P5 Ranking Bias in College Basketball

p5_ranking_smWith the preseason college basketball rankings coming out this week I was a little surprised to see that the runnin’ Utes were ranked 25th in the AP with 98 votes (#30 coaches with 26) while BYU came in ranked at 48 with 2 votes (no votes in coaches poll).  This makes no sense.  Logically, you would look at past performance, current players, and incoming players to determine rankings.

If you judge by recent past performance BYU absolutely owns the Utes.  Consider

  • BYU is 12-4 vs. the Utes since Dave Rose took the reins in 2005
  • BYU has 7 NCAA tournament appearances (in 9 seasons) with four tournament wins, Utah has one appearance and no wins
  • BYU has advanced further than the Utes in EVERY postseason since 2005
  • BYU has won more games EVERY season since 2005
  • BYU has finished the season ranked higher in EVERY season since 2005

Clearly BYU owns both the head-to-head as well as final results as voted on by the national media.  By all objective measures BYU was a better team last season, despite losing on the road to the Utes.  They won more games, finished ranked higher, and went further in the post-season.

So if it isn’t past performance, why are the Utes ranked higher?  BYU did lose two starters from last season (Mika and Carlino) but Mika was replaced with several capable bigs as well as a more experienced Austin and Worthington.  Carlino transferred but was replaced with a starter from the AAC in transfer and team captain Chase Fischer.  BYU also returns WCC player of the year in Haws, WCC preseason 1st teamer Collingsworth, and several other potential stars.  Meanwhile Utah lost Lenz to graduation (11.3 min/game), Kovacevic for personal reasons  (4.9 mpg), Van Dyke to a mission (9.8 mpg), and Onwas (17.9 mpg), Brocklin (2.6 mpg), and Fields (7.5 mpg) all transferred to other schools.  So the Utes lost a lot of valuable minutes, yet only one player transferred in–Reyes (an untested JC transfer).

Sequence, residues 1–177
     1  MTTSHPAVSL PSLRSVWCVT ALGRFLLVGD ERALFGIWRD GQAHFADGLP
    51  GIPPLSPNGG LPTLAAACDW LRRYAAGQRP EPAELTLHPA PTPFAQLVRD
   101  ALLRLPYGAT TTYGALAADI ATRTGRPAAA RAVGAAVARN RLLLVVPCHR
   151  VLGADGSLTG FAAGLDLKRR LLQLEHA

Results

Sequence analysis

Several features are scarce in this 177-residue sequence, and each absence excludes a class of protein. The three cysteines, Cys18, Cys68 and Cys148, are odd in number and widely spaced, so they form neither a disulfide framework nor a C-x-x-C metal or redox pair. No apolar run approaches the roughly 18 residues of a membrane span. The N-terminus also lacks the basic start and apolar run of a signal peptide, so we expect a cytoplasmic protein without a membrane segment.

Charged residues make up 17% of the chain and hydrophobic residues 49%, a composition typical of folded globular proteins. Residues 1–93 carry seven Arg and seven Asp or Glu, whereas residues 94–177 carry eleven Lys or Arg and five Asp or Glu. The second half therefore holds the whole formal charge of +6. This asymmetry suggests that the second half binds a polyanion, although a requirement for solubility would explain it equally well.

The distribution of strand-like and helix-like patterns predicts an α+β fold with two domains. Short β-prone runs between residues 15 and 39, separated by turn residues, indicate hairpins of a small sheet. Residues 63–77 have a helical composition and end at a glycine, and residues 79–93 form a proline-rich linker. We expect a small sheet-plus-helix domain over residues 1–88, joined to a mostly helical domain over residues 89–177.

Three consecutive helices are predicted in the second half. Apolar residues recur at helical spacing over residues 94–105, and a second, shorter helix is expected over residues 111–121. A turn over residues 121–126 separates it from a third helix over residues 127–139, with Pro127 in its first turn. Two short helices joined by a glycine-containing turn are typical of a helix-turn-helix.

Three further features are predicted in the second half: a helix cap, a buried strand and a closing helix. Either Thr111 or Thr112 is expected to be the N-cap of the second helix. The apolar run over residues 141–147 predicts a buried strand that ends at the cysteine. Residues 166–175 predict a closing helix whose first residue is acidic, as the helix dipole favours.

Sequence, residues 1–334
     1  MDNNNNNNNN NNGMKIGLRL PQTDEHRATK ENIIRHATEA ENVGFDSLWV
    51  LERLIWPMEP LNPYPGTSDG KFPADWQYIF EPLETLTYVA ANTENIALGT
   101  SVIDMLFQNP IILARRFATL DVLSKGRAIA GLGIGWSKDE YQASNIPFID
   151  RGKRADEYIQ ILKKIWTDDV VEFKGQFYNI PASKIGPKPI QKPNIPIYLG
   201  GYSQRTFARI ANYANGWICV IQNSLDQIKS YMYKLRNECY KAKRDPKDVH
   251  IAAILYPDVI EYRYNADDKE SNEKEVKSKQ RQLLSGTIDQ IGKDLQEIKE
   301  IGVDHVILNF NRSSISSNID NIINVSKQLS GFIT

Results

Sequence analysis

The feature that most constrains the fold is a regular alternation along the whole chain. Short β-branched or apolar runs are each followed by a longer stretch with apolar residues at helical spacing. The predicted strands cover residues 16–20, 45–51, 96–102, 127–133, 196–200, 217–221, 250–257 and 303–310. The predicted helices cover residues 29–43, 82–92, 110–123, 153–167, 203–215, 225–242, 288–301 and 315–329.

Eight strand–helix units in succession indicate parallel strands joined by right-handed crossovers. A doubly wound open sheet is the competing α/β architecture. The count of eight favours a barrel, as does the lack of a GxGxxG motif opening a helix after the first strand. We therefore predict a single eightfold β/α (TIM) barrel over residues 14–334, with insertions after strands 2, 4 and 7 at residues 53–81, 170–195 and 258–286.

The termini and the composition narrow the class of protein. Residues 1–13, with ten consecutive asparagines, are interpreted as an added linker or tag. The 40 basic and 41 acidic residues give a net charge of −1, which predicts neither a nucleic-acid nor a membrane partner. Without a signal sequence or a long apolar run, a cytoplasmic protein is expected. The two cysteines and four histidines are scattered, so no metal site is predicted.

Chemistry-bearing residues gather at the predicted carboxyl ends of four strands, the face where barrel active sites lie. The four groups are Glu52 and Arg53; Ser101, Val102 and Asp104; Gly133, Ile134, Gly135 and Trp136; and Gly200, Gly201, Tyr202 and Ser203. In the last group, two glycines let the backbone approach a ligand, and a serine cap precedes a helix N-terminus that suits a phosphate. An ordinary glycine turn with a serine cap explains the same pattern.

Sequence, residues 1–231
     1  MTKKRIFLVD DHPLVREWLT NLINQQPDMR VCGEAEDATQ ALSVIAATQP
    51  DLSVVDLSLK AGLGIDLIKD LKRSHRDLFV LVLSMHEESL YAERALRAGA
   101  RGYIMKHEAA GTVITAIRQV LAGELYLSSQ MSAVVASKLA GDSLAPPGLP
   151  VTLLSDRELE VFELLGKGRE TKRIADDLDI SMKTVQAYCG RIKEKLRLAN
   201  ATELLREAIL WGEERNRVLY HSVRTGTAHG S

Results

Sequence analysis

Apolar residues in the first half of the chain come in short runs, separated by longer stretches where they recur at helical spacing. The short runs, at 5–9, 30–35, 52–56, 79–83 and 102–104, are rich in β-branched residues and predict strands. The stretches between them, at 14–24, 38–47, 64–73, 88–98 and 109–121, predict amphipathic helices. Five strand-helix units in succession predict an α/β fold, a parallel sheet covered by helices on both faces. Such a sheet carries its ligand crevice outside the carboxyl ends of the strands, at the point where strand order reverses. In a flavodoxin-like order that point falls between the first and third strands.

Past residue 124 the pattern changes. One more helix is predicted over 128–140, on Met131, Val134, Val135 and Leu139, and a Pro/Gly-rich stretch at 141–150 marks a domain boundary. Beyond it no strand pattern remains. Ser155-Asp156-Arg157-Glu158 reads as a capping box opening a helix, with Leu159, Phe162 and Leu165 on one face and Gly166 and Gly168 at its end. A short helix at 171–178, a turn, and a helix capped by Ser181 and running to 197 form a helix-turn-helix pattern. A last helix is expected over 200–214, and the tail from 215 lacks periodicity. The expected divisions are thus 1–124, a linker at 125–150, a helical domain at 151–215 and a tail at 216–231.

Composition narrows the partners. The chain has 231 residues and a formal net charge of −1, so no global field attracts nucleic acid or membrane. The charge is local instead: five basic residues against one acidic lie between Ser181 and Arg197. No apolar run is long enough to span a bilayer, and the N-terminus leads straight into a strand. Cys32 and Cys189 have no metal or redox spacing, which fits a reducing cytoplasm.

So the only logical explanation is that the Utes deserve to start the season ranked higher due to a better recruiting class.  The Utes did have one of their best recruiting classes in some time signing 4-star recruit Brekkott Chapman, and 3-star recruits Kyle Kuzma and Isaiah Wright.  However, BYU’s class of 4-star T.J. Haws and 3-star recruits Payton Dastrup, Dalton Nixon, Jake Toolson, and NR Ryan Andrus still ranks higher than the Utes.  True, their two best recruits (Haws and Dastrup) are off on missions, but returned missionaries Isaac Neilson, Jordan Chatman, and Corban Kaufusi are worthy replacements.  BYU also has three quality D1 transfers in Chase Fischer (Wake Forest), Jamal Aytes (UNLV), and Kyle Davis (USU) while the Utes have a lone JC transfer.

  • Head-to-head edge: BYU
  • Past performance edge: BYU
  • Incoming players edge: BYU

So there is no logical explanation for why Utah is starting the 2014-15 season ranked higher.  With logic defied, it must come down to perception.  The PAC12 is certainly a stronger basketball conference than the WCC.  Also, despite BYU’s recent track record of sending several players to the professional ranks while Utah has not sent any, Delon Wright is viewed by most as a stronger pro prospect than Haws.  Utah has a stronger résumé than the Cougs if you’re willing to go back several decades and that name value must count for something.  Are the Utes still viewed as a stronger basketball program than the Cougars?  What else might explain the Utes preseason ranking in comparison to the Cougs?  Please use the comments section below to post your ideas.

Whatever the case, the 2014-15 season will be a good opportunity for the Cougars to prove voters wrong.